Augustin Bea

May 24, 2017 in Inspirational Jesuits

A central figure of the Second Vatican Council, Augustin Bea worked tirelessly throughout his long life and proved vital to reshaping the Church’s policy toward ecumenism and interfaith dialogue.

Augustin Bea was born in Riedböhringen in the Black Forest, Germany, in 1881. He joined the diocesan seminary at Freiburg-im-Breisgau, and after studying at Freiburg University for two years, he travelled to the Netherlands, where he entered the Jesuit novitiate in 1902. He studied theology and philosophy, and was ordained in 1912. His superiors decided he should be a biblical scholar, and he attended the Pontifical Biblical Institute in Rome, which was only founded in 1909.

With the outbreak of the First World War in 1914, Bea was sent to take charge of the Jesuit house at Aachen in Western Germany. Bea remained there until, in 1917, he was sent to Valkenburg in Holland where he taught Old Testament studies. That same year, the Jesuits were officially accepted back into Germany after forty-five years of expulsion. With this reinstatement, the German province rapidly grew, to the point where in 1921 a second German Province, Upper Germany, was created, and Bea was chosen as Provincial.

Bea’s time in this role, however, was short, as three years later he was requested to travel to Rome. Once there he took up teaching positions at the Biblical Institute and the Gregorian University. He remained based in Rome for many years, though he did travel extensively. In 1929 he spent six months in the Jesuit mission in Tokyo, and in 1936 he took part in an archaeological dig near the Dead Sea. He became a close confidant of Pope Pius XII, who was elected in 1939. He assisted in the drafting of a number of encyclical works and later served as an advisor to the Holy Office. He became confessor to the Pope in 1945, and he remained so until Pius’ death in 1958.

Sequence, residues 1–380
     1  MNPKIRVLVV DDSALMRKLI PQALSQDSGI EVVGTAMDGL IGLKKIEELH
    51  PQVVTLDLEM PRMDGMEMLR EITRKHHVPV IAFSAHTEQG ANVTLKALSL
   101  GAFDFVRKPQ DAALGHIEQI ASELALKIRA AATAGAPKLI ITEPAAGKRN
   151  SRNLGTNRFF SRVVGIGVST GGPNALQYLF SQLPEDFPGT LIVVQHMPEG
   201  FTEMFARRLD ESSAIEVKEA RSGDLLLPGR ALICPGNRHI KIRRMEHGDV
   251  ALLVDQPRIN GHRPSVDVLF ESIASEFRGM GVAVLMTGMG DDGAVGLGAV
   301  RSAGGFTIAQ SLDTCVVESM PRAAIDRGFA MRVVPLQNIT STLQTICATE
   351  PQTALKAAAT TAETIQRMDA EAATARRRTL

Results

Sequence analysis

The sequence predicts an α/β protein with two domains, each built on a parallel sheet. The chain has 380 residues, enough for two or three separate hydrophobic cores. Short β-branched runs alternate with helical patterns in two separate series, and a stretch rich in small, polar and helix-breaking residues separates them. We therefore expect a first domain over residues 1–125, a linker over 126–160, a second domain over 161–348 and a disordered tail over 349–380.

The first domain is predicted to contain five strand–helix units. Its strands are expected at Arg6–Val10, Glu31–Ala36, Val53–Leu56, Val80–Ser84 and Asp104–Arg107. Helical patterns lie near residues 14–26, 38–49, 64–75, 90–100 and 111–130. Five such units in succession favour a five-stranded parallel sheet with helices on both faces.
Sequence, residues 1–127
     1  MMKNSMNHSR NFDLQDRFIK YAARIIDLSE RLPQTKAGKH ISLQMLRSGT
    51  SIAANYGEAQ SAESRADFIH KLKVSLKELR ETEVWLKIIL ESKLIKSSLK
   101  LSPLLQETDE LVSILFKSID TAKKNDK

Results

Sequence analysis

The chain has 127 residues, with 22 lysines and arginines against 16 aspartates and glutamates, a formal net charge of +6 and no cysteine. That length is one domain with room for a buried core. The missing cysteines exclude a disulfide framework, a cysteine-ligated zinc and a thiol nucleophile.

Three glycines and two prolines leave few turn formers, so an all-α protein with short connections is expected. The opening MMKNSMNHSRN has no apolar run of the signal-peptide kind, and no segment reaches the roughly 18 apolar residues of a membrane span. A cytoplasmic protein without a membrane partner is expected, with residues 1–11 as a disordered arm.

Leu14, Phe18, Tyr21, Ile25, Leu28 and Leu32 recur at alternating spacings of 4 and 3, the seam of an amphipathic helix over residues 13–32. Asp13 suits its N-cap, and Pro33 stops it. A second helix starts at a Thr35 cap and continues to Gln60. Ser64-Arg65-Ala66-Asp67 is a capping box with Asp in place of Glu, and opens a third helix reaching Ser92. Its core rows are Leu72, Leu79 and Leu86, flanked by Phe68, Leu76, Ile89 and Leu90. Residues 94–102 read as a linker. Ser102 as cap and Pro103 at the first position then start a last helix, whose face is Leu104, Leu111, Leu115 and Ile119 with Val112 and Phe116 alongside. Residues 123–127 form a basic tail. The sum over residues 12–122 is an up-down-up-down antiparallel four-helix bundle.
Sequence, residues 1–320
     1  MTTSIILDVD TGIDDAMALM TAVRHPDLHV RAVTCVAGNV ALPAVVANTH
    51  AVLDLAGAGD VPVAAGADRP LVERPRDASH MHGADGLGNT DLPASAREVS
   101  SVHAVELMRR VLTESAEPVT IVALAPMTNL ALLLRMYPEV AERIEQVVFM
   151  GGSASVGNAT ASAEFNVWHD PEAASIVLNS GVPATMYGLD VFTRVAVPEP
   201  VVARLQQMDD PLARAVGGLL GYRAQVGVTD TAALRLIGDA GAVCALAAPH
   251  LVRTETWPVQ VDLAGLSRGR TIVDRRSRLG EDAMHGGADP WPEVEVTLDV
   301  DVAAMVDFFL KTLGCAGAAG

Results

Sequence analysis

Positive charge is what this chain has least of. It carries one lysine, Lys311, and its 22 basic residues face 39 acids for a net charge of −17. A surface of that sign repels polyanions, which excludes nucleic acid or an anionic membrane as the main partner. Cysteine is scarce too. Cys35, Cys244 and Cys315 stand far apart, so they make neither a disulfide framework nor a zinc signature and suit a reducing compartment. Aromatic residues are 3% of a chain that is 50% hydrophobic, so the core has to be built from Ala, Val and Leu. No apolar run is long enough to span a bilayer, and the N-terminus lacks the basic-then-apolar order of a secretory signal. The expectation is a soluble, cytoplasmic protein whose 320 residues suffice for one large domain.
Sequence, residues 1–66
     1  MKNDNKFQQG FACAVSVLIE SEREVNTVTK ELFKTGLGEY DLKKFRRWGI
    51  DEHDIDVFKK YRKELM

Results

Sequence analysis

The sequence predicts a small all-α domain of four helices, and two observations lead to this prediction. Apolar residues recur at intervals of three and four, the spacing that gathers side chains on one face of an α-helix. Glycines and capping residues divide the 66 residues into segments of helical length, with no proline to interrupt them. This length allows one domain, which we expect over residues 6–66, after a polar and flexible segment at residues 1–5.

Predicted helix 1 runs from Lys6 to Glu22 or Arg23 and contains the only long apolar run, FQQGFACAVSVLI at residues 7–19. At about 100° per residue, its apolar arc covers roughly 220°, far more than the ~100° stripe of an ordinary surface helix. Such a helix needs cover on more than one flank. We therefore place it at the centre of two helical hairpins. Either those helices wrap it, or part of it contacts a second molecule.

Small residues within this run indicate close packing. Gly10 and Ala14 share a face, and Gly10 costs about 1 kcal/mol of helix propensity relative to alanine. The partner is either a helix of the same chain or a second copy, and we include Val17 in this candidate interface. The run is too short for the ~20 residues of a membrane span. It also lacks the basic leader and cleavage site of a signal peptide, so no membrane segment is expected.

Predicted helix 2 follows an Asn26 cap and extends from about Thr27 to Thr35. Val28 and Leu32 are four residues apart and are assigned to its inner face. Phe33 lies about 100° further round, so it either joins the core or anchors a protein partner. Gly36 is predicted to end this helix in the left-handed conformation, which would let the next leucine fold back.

Bea was seventy-seven when the recently-elected Pope John XXIII announced his intention to convene the Second Vatican Council in 1959. That same year Bea was commissioned to create a declaration on the relationship between Catholicism and Judaism, a decree explicitly rejecting against any form of anti-Semitism. This document, Decretum de Iudaeis, never made it in front of the council, but was later incorporated into Nostra Aetate, the Declaration on the Relation of the Church with Non-Christian Religions.

Nostra Aetate, which was approved by an overwhelming majority of the council, describes not just the relation with Jews but also with religions such as Islam, Hinduism, and Buddhism. It regards them with “sincere reverence” and declares that it “rejects nothing that is true and holy in these religions”. It was the shortest of the conciliar documents, but it had a tremendous impact on interfaith dialogue.

Bea was also responsible for suggesting that non-Catholics should be present for the proceedings of Vatican II. This proposal proved successful, and sixty non-Catholic observers in all attended the Council. Following the Second Vatican Council, Bea continued to work actively. He published his commentary on Nostra Aetate in 1966 and oversaw the publication of the Vatican’s first Directory on Ecumenism the next year. He died in 1968 from a bronchial infection, at the age of eighty-seven.